Tender, yes those beans were. So I guess that's how you do it. Boil 'em, or at least simmer well and long.

                I now have a friend who grew up in Virginia; she stews her beans until very tender in a little stock with bacon, onions and a splash of vinegar at the end. I have to say I've accepted the cooking style, don't mind the overt tenderness, and do admit that they are delicious prepared in that manner.

                I hope I haven't offended anyone here, that is not my aim; to each his/her own. I guess I just like my beans less tender.

                1. re: bushwickgirl
                  paulj Aug 7, 2011 06:53 PM

                  Devoid of nutrition? Is that just an opinion or something that you measured? :)

                  More importantly, did that couple show signs of a vitamin deficiency?

                  1. re: paulj
                    bushwickgirl Aug 8, 2011 06:28 AM

                    Vitamin deficiency, hard to ascertain, but they looked pretty well fed otherwise.

                    I did mention that my "devoid of nutrition" comment was my opinion, due to the appearance of the long boiled beans, which would have rendered any B vitamins null and devoid. I'm sure the fiber was still intact, though.;-)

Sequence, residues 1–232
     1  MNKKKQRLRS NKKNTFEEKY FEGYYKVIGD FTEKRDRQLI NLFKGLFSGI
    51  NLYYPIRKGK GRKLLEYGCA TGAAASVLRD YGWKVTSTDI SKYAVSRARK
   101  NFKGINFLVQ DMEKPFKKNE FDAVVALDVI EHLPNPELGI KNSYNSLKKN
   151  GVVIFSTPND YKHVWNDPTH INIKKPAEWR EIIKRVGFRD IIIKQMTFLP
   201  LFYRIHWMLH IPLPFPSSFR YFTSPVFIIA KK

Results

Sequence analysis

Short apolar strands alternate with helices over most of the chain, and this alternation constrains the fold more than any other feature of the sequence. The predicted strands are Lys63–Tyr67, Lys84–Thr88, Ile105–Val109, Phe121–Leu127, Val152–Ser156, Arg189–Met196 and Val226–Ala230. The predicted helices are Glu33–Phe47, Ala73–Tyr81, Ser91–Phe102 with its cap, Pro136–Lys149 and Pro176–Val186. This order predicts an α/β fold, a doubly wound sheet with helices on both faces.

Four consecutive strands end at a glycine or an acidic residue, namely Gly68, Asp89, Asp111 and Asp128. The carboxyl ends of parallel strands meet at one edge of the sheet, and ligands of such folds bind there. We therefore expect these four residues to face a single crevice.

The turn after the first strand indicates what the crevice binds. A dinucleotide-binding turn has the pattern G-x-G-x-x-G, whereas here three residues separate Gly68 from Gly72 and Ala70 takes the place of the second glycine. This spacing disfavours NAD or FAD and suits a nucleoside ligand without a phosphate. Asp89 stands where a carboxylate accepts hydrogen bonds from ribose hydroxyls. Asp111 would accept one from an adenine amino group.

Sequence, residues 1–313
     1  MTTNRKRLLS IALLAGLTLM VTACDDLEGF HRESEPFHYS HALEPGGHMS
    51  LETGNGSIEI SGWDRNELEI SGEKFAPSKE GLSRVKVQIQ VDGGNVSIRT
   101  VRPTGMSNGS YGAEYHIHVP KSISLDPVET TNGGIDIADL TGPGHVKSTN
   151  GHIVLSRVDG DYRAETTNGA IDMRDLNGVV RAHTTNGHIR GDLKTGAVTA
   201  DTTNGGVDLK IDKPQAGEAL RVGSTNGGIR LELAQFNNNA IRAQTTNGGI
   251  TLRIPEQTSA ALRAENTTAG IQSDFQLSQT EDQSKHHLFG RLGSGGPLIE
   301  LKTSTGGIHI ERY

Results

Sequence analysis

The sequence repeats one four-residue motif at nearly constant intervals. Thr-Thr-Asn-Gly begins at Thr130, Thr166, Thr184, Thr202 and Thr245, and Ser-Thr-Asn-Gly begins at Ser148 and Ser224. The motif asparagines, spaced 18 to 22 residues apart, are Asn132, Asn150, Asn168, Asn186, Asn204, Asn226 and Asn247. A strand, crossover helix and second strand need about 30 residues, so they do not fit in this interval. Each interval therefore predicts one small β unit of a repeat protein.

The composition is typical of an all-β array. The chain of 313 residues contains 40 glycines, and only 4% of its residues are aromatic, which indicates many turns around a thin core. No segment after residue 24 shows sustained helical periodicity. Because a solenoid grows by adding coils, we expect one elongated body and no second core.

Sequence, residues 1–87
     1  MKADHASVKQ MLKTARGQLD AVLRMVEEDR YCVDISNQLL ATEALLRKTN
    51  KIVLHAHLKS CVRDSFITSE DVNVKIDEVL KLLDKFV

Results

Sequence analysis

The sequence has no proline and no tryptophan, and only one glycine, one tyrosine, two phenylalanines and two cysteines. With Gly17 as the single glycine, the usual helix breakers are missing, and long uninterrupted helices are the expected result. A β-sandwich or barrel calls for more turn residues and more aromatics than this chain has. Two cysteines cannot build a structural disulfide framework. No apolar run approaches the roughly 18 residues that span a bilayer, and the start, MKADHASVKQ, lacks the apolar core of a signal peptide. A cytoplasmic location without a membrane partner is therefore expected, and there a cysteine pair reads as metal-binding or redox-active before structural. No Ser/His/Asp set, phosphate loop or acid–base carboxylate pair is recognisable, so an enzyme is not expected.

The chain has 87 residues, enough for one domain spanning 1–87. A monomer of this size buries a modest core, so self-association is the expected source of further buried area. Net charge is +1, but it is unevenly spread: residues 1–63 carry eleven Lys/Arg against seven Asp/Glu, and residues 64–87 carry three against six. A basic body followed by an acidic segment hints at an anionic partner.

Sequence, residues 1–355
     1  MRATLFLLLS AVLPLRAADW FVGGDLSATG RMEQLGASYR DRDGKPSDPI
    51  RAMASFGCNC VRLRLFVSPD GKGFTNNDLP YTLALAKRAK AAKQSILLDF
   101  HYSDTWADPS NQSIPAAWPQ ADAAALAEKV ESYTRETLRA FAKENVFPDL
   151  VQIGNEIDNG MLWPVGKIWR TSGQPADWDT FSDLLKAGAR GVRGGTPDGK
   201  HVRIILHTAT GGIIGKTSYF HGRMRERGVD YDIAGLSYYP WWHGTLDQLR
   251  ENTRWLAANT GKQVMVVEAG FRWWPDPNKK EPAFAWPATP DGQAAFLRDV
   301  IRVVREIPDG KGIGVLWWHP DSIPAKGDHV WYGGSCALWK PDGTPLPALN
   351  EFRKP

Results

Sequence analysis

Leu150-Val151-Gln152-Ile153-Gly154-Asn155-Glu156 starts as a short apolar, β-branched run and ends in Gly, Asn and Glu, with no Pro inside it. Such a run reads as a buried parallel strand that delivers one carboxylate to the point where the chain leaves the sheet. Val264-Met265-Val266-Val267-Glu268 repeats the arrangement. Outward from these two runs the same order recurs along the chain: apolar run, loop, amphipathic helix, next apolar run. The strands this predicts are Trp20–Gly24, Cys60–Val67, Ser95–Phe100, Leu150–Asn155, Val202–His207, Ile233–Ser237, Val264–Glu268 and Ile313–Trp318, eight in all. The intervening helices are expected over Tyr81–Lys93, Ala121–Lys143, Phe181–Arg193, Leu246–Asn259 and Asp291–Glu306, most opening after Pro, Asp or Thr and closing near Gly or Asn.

2. re: bushwickgirl
                    MrsCheese Aug 8, 2011 07:22 PM

                    Bacon covers the "canned flavor." :-)

                    1. re: MrsCheese
                      i
                      Isolda Aug 9, 2011 11:40 AM

                      Oh my, yes! I love fresh and canned green beans, with different treatments of course, but one shining example of the latter is my cousin's bacon-wrapped canned green bean bundles baked with some type of bottled dressing. It was orange. What's that, French or Russian or none of the above? In any case, those beans are delicious, I am sorry to say.

                2. s
                  Sherri Jul 31, 2011 05:07 PM

                  danny_w, have you tried a combination of boil & braise for your green beans? It might be just the ticket.

                  Tip and tail your beans while you bring a large pot of salted water to boil. Cut the beans in pieces or not, as you wish. Drop the beans into the boiling water, return to a boil and cook approx 10 minutes.

                  Drain. In many cases, you would quick-chill these in ice water but, for your uses, it isn't necessary for your next phase - a long braise. In a heavy skillet, over low heat, begin cooking the bacon. When it begins to wilt, add chopped onion and cook until soft. I like a clove or two of smashed garlic - this is up to you. Add the beans to the onion-bacon and a couple small glugs of water. Cover and cook slowly, watching the liquid, adding more water as required. Cook 30-90 minutes, depending on your likes and the beans themselves. If 90 minutes doesn't produce beans to your liking, continue watching them carefully and keep cooking.